1. Supreme Court redefines territorial jurisdiction in cases of cheque dishonor

The Supreme Court in its decision in Dashrath Rupsingh Rathod v. State of Maharashtra & Anr., held that in cases of dishonour of cheque, only those courts will have the jurisdiction to try the case within whose territorial limits the drawee bank is situated i.e. where the cheque has been dishonoured. The Hon’ble Court, overruling an earlier decision made in K. Bhaskaran Vs. Shankaran Vaidhyan Balan, held that , an offence under Section 138 of the Negotiable Instruments Act is committed as soon as a cheque is returned unpaid to the drawee. Hence the place, place of judicial inquiry and trial of the offence must logically be restricted to where the drawee bank, is located.

  1. No transfer-pricing provisions if shares issued by domestic subsidiary to parent company

The Bombay High Court in the case of Vodafone India Services Pvt. Ltd. v. Union of India held that shares issued at premium by a resident entity to a non-resident entity didn’t give rise to income and there is no ‘international transaction’ to trigger transfer-pricing provisions as provided under the Income Tax Act, 1961. The Court added that ‘Income’ as defined under the Income Tax Act cannot be given a broader meaning to include notional income within its ambit. Transfer pricing provisions under the Act are not a code by itself but only a machinery provision to compute Arm’s Length Price.

4. No royalty on excavated earth for laying foundation

The Supreme Court in Promoters & Builders Association of Pune vs State of Maharashtra & Others has held that the government is not entitled to any mining royalty if a developer excavates land for laying foundation of a building. A Court ruled in favour of the Promoters and Builders Association of Pune, which had challenged Maharashtra government’s move to impose penalties on them claiming that the activity of digging up earth for any such concrete foundation is akin to mining operations. The Court held that Builders excavating “ordinary earth” to lay foundation of a building cannot be deemed to be carrying out “mining” of a minor mineral and hence no royalty was payable. The Builders had all the building sanctions and did not require special nod to excavate as they were not using the earth for levelling purposes in roads, railways, embankments, etc.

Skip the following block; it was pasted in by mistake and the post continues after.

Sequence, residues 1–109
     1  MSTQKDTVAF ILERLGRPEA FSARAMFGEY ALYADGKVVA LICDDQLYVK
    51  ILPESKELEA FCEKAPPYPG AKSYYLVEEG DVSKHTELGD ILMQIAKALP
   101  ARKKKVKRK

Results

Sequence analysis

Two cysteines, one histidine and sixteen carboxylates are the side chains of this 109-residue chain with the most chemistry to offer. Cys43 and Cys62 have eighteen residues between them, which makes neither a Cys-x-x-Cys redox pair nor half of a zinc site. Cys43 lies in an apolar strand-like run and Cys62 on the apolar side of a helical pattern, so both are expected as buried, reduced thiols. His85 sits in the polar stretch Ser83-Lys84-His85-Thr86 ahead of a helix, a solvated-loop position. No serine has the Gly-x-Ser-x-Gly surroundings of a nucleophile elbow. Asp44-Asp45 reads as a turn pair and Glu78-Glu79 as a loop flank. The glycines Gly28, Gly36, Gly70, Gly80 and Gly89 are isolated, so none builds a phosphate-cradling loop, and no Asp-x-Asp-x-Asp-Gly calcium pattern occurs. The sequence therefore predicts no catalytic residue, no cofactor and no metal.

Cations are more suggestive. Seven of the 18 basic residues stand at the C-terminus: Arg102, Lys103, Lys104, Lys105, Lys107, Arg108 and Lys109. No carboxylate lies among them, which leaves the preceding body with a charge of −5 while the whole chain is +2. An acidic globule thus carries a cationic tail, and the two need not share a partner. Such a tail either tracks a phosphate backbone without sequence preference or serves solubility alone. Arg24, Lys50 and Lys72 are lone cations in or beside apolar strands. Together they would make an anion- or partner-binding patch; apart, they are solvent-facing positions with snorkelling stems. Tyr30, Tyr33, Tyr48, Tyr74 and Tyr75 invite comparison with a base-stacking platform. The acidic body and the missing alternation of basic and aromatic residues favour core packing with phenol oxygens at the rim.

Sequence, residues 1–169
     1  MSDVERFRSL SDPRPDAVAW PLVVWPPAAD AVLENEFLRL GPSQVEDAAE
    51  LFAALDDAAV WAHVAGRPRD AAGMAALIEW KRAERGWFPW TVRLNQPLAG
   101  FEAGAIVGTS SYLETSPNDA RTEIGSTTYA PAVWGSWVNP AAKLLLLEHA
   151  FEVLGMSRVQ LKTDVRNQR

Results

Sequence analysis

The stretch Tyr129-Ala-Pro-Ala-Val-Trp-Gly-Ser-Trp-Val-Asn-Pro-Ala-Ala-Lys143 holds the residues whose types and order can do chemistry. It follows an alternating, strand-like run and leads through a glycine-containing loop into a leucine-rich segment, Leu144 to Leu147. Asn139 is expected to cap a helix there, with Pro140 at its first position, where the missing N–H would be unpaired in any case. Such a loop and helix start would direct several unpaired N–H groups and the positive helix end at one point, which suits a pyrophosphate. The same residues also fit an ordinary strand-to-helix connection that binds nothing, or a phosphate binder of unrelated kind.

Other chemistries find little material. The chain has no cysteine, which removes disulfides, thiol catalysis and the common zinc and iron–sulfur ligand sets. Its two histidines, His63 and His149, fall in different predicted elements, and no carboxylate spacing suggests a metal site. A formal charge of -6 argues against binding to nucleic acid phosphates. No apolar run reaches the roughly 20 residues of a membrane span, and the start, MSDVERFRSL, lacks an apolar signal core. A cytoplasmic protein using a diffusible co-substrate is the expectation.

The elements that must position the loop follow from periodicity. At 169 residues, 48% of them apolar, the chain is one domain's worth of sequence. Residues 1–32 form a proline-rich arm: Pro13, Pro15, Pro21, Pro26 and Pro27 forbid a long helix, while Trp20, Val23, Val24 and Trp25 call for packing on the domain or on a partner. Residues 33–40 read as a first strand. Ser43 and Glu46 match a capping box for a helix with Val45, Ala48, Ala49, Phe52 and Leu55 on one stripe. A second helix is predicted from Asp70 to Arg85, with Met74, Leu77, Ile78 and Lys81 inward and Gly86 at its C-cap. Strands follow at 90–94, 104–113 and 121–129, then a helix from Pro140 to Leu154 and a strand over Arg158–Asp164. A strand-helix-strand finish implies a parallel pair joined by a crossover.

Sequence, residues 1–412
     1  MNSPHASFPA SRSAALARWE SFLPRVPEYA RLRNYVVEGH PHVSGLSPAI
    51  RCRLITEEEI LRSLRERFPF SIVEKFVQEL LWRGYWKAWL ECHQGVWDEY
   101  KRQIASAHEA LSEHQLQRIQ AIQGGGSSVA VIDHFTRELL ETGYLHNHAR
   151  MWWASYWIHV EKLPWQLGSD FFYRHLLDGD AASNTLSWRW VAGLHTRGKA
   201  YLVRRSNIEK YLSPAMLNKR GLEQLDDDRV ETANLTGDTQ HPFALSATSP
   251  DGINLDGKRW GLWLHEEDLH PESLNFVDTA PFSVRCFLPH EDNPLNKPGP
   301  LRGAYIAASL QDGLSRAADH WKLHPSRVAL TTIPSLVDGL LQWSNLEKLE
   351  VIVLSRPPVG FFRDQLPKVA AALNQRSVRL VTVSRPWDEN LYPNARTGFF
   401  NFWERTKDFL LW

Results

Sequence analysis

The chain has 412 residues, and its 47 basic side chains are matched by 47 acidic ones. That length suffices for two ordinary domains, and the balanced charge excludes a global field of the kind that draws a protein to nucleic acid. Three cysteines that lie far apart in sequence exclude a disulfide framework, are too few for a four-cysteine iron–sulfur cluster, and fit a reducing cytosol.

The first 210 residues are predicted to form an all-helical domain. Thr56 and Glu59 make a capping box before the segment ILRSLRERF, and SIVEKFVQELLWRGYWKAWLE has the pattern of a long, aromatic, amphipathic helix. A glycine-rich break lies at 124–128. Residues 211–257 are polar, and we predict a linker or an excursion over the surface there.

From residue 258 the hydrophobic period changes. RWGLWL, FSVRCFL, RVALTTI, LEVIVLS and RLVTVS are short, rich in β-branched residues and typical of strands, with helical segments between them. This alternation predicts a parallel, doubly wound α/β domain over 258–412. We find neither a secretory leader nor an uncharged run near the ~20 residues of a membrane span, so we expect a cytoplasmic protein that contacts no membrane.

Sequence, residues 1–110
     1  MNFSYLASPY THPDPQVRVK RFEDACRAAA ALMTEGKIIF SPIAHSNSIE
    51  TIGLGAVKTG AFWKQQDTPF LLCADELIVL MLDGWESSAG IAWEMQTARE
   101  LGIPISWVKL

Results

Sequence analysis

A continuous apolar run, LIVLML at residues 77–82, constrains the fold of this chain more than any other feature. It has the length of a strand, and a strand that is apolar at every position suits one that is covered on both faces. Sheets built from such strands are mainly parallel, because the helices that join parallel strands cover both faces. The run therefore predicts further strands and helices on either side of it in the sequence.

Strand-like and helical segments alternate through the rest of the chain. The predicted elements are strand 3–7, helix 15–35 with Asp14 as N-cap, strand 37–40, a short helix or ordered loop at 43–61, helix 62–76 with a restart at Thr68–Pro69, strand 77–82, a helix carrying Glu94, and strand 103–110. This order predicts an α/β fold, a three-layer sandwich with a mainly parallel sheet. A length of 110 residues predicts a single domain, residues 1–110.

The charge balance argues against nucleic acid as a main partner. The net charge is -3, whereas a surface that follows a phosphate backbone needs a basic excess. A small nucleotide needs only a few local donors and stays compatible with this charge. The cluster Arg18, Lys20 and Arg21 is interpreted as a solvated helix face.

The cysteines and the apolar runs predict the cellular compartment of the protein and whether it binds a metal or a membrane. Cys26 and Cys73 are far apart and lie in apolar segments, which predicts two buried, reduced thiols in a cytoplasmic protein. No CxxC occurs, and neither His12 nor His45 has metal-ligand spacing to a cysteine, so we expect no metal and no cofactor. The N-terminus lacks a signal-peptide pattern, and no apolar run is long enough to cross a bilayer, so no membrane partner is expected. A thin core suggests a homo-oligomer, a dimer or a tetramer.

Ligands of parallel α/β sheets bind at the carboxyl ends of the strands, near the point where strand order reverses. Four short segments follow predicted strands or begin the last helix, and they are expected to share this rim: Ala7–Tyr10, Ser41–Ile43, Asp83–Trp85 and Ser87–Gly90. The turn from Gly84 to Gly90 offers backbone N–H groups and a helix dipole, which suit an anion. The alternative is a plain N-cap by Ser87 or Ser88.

1. New rules to adduce digital evidence in Courts:

The Supreme Court in Anvar P. K. vs. P.K Basheer & Ors redefined the evidentiary admissibility of electronic records. The court held that documentary evidence in the form of an electronic record can be proved only in accordance with the procedure under Section 65B of the Evidence Act. Thus, in the case of a CD, VCD, chip, etc., the same shall be accompanied by the certificate in terms of Section 65B obtained at the time of taking the document, without which, the secondary evidence pertaining to that electronic record, is inadmissible. Hence compliance with Section 65B is now mandatory for persons who intend to rely upon emails, websites or any electronic record in a civil or criminal trial.

FIVE DEVELOPMENTS AWAITED IN 2015

1.          The Companies (Amendment) Bill, 2014

The Companies (Amendment) Bill, 2014 was passed in the Winter Session of the Lok Sabha. The Bill introduces amendments such as jurisdiction of special courts to try certain offences, making common seal optional, no approval required from non-related shareholders for transactions between holding companies and wholly-owned subsidiaries, fraud involving a lesser amount will no longer be reported to government but to the audit committee or to the board of the company, etc. The proposed amendments aim to ensure ease of business transactions and give some respite to Corporate India

  1. Labour Reform Bills

The Union Labour and Employment Ministry tabled two Labour Reform Bills in the Lok Sabha on 7 August 2014 namely the Factories (Amendment) Bill 2014 and the Apprentices (Amendment) Bill 2014. The purpose is to enable the government to make certain rules in consultation with the States to ensure safety and welfare of workers at workplace. Once passed, they are expected to make it easier to do business in India by allowing flexibility in both hiring and working hours.

  1. Securities Laws (Amendment) Bill, 2014

The Securities Laws (Amendment) Bill, 2014, was also introduced in the Lok Sabha in 2014. The Bill aims to empower the capital market regulator i.e. SEBI by giving powers such as authority to seek call data records and information “not only from the people or entities associated with the securities market but also from persons who are not directly associated with the securities market”. The objects and reasons listed by the government on the Bill said, “To protect the interests of investors and to ensure orderly development of securities markets, it has become necessary to enhance the powers of the Board”. Once the bill becomes an Act, SEBI would have powers to check fraudulent investment schemes, to call for documents on entities under probe and provide for constitution of special courts to expedite the cases.